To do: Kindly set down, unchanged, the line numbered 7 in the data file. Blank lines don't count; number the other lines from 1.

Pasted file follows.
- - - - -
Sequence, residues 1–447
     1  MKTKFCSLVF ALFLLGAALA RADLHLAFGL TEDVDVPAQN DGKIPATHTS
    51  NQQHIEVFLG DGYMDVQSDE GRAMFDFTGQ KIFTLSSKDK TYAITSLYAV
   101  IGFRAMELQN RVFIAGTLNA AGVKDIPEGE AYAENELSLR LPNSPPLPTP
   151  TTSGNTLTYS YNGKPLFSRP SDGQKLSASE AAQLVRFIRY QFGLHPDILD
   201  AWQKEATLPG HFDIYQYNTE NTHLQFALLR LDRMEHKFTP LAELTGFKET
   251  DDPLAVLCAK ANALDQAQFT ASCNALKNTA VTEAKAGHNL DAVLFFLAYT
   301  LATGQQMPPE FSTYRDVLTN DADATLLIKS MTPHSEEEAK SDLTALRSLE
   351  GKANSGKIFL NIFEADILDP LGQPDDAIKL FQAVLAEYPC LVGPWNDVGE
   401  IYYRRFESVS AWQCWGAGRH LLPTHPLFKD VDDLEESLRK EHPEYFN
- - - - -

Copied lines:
   251  DDPLAVLCAK ANALDQAQFT ASCNALKNTA VTEAKAGHNL DAVLFFLAYT